To illustrate some trade-offs in selecting a sorting algorithm for a real
application, we have chosen an example from computer graphics. Algorithms
for hidden line elimination from the visualization of a three-dimensional
scene often make use of sorted lists of polygons. The scene itself consists
of an unordered (ie. randomly ordered) set of polygons, and during hidden
line elimination an algorithm may proceed back to front through space
overpainting polygons by closer ones, or front to back while clipping
polygons against closer visible ones. In both cases, two sorted lists of
polygons will be useful: one list of the polygons sorted with respect to
the distance from the eyepoint to the nearest point on the polygon, and
another list of the same polygons sorted with respect to the distance to
their furthest point. When proceeding front to back through space, the
hidden line algorithm can now maintain a list of polygons at the current
depth simply by adding new polygons in the order of the first list, when
passing their nearest point, and deleting polygons in the order of the
second list, when the furthest point is reached, and vice versa for back to
front processing of the polygons. Our problem is which sorting algorithms
to choose for creation of the two lists.
The first thing to consider is which operation is slower, comparing two
polygons or interchanging them. Since we do not want to move polygons
around in space, the items to be sorted are pointers to the polygons, and
therefore exchange operations are fast. However, when two polygons need be
compared, the values of their minimal/maximal distance from the eye must be
accessed and compared. Since these values will often be real numbers,
comparing two polygons will be significantly slower than exchanging two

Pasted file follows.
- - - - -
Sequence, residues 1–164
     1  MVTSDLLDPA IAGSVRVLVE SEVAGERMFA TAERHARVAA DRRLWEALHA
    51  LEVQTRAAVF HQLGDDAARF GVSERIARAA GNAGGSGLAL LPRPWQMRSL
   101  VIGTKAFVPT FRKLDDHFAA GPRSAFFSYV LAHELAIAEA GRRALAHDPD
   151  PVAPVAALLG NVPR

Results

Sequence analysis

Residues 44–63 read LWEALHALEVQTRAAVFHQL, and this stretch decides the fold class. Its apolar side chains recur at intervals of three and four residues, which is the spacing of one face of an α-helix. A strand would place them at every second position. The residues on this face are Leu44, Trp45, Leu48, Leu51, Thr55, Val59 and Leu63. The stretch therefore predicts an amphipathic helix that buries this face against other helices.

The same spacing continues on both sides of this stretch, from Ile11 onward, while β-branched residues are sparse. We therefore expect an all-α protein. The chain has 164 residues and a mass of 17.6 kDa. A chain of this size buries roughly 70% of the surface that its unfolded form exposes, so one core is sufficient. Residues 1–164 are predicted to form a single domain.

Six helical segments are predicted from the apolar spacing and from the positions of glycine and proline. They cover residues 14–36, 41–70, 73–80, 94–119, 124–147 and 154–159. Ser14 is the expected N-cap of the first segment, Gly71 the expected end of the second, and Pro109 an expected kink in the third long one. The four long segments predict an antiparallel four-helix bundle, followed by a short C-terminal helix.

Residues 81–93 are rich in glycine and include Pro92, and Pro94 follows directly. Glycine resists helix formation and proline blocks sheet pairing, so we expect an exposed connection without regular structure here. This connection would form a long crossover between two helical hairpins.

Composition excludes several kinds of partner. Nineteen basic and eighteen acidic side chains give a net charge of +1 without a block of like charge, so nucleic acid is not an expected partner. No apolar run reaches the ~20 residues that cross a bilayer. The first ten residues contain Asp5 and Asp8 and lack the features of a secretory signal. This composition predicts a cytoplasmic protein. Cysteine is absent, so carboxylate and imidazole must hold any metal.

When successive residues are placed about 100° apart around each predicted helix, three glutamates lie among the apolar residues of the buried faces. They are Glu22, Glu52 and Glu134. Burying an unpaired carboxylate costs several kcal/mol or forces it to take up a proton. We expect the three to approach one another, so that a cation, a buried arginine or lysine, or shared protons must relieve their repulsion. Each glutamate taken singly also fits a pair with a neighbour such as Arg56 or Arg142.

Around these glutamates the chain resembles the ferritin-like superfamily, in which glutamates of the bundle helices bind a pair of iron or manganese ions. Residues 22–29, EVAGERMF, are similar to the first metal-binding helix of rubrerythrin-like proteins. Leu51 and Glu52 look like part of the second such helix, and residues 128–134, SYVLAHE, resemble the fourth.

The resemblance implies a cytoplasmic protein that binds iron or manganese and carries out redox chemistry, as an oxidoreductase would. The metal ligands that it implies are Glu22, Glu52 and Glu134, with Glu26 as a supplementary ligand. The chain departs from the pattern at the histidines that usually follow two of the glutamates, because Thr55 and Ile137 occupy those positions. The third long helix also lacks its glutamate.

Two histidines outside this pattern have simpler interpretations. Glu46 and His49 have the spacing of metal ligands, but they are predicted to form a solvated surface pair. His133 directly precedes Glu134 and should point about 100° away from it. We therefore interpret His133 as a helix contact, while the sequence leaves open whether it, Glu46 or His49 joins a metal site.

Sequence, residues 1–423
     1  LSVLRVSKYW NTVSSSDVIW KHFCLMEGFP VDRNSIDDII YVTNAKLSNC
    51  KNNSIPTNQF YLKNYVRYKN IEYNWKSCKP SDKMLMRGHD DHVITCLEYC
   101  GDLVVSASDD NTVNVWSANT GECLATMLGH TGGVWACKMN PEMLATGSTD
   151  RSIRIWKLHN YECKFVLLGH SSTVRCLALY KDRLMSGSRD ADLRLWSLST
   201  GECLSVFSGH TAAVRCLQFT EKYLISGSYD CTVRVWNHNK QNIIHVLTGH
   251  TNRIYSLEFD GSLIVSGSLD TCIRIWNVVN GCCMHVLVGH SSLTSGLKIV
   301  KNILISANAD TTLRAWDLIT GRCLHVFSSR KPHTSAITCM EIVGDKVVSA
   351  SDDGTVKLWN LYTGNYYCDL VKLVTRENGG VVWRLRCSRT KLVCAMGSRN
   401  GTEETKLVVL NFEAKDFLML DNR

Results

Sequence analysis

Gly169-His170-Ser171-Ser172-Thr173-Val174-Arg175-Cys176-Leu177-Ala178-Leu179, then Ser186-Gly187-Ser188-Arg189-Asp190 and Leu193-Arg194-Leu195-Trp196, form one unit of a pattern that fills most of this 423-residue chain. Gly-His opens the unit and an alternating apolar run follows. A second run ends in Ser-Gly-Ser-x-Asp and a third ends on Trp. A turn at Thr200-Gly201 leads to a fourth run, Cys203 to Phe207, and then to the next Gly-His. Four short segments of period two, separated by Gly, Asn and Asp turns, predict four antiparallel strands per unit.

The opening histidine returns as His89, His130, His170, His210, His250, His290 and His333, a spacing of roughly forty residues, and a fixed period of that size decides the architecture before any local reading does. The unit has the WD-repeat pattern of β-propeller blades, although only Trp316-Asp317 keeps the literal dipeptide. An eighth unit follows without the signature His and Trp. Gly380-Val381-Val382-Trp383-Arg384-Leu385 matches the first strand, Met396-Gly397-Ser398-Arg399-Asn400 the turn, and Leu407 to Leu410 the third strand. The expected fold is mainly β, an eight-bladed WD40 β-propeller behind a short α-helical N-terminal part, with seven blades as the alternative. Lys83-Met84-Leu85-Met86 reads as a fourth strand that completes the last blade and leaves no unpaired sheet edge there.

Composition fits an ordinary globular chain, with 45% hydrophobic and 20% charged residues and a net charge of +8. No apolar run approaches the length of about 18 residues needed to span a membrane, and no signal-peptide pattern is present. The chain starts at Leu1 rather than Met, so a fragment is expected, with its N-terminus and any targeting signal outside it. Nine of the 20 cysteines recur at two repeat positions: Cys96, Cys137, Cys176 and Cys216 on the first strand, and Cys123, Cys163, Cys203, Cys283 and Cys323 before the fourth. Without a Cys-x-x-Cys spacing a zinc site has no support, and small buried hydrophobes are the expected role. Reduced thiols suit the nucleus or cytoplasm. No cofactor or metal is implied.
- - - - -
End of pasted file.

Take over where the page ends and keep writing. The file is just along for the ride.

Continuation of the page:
polygon pointers. This excludes all sorting algorithms based on selection,
while good choices would be Quicksort, Shellsort or Splicesort. If the lists
are represented as linked lists, a move operation will be fast, and Binary
Insertionsort or Mergesort are better.
The above considerations were for randomly sorted data. However, when one
of the two lists has been calculated, the other will probably be very much
identical, especially if the sizes of the polygons are small compared to the
distances between them. So if the second list is produced from the already
made first list, we can take advantage of the fact, that the polygons are
almost presorted. Straight Insertionsort will perform very well in this
case, and if the depth of recursion is acceptable, try out Stacksort. Do
not use Quicksort.
The program has proved an efficient workbench for the development and
testing of the sorting algorithms described in this paper. It is well suited
for self study, and the program has been used as a supplementary tool for
teaching about sorting methods at the Technical University of Denmark.
A longer version of this paper, including source code for the sorting
algorithms, will be submitted to the Journal of Forth Applications and
Research. The paper is based on work done under a grant from the Danish
National Research Counsil.
Sorting algorithms (except Splicesort and Stacksort) are described in the
D. E. Knuth, The Art of Computer Programming, volume 3: Sorting and
Searching, Adddison-Wesley, 1975.
H. Lorin, Sorting and Sort Systems, Adddison-Wesley, 1975.
N. Wirth, Algorithms + Data Structures = Programs, Prentice-Hall 1976.
R. Sedgewick, Algorithms, Adddison-Wesley, 1988.